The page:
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Gay SF man found guilty of first-degree murder

by Alex Madison

Gay SF man found guilty of first-degree murder

A San Francisco Superior Court jury found gay city resident Michael Phillips guilty of first-degree murder Thursday, October 18 for the killing of his elderly gay friend, James Sheahan.

Sheahan's body was found in his blood-stained Nob Hill apartment August 14, 2017 and Phillips was arrested that November in connection with the death.

Phillips, 65, had pleaded not guilty in April to murder, robbery, and other charges related to the death of Sheahan, 75.

Thursday afternoon, the jury also found Phillips guilty of aggravated mayhem, first-degree burglary and robbery, first-degree residential burglary, theft or forgery or fraud of an elder, and theft of an access card. He was also convicted of fraud for financial documents.

The jury deliberated for about two days before the verdict was read to Superior Court Judge Loretta Giorgi. Phillips was crying loudly while the verdict was read. He did not testify during the trial.

Authorities involved in the case argued Phillips brutally killed Sheahan with a sharp object, made it look like a suicide, and then stole thousands of dollars from him, including paintings, forged checks, and attempted cash withdrawals with Sheahan's ATM card. Sheahan was suffering from Stage 4 lung cancer in the months leading up to his death. During the trial witnesses testified that Sheahan died from multiple traumatic injuries to the head caused by blunt force trauma.

The motive, Assistant District O'Bryan Kenney argued during the trial, was Phillips' desperate love for a Filipino man, Archie Arcaya Fuscablo, and Phillips' need to funnel money to Fuscablo to get him to the United States. As previously reported by the Bay Area Reporter, the two met online and married at City Hall October 30, 2017, just weeks after Fuscablo arrived in the U.S. and two months after Sheahan's death.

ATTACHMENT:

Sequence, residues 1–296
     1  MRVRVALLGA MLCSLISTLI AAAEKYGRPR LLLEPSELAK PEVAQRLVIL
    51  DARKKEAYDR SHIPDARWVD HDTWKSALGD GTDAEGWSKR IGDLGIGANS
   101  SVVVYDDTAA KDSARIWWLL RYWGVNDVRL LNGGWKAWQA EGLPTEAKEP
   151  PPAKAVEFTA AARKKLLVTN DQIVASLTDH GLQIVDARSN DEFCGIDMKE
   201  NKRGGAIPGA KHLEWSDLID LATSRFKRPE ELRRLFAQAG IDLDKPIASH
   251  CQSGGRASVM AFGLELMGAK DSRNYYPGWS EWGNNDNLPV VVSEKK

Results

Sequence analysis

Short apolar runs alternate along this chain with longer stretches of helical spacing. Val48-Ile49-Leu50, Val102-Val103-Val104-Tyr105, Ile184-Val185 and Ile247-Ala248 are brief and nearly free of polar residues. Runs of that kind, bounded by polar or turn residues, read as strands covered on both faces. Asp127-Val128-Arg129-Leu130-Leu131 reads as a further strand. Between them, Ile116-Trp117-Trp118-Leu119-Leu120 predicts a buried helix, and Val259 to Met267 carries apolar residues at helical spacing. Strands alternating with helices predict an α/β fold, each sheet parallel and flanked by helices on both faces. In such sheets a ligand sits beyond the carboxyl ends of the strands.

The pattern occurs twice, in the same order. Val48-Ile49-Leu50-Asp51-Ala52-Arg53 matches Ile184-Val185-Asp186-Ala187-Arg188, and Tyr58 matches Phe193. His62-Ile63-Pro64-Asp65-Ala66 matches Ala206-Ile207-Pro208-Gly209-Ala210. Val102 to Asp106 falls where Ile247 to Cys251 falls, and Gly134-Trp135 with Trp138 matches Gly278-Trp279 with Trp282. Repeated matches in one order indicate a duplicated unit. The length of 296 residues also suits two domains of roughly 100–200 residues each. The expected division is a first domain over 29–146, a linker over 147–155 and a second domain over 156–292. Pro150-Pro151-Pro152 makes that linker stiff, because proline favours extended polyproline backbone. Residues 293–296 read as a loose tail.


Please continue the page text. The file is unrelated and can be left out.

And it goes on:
"He killed a man he knew for years and he did it for one motive," Kenney said during his closing argument earlier this week. "He had a desperate need to get money to bring a man here he wanted to be with and would stop at nothing to do that."

A member of the jury, Paul Smith, spoke with the B.A.R. moments after the verdict was announced. Smith, 55, said, "the evidence was overwhelming for the prosecution." When asked what the most incriminating evidence was he replied, "The video of the blood stains on [Phillips'] pants."

Other members of the jury declined to comment.

During the trial Kenney showed surveillance video of the defendant entering and exiting Sheahan's Bush Street apartment multiple times the weekend before authorities found his body. Two separate bloodstains appeared on Phillips' pants after he entered the apartment. Sheahan's blood was also found on a black and red Trader Joe's bag that he was carrying with him going in and out of the apartment.

Smith also said he was heavily swayed by the evidence that described how the defendant stole thousands of dollars and other belongings from Sheahan. The jury also saw surveillance video from a Wells Fargo ATM that showed Phillips went to two ATMs and attempted to withdraw cash with Sheahan's ATM Friday, August 11.

Deputy Public Defender Kwixuan Maloof focused on the lack of forensic evidence connecting Phillips to the murder throughout the trial and contended that someone else committed the killing and other charges against Phillips.

Phillips' DNA was not found at the crime scene, and Maloof also tried to argue that Sheahan died after Phillips was last seen exiting the apartment, as one medical examiner testified that the body was warm to the touch on August 14, when Sheahan was found.

Sentencing for Phillips has not been announced.

Contact the reporter at a.madison@ebar.com.

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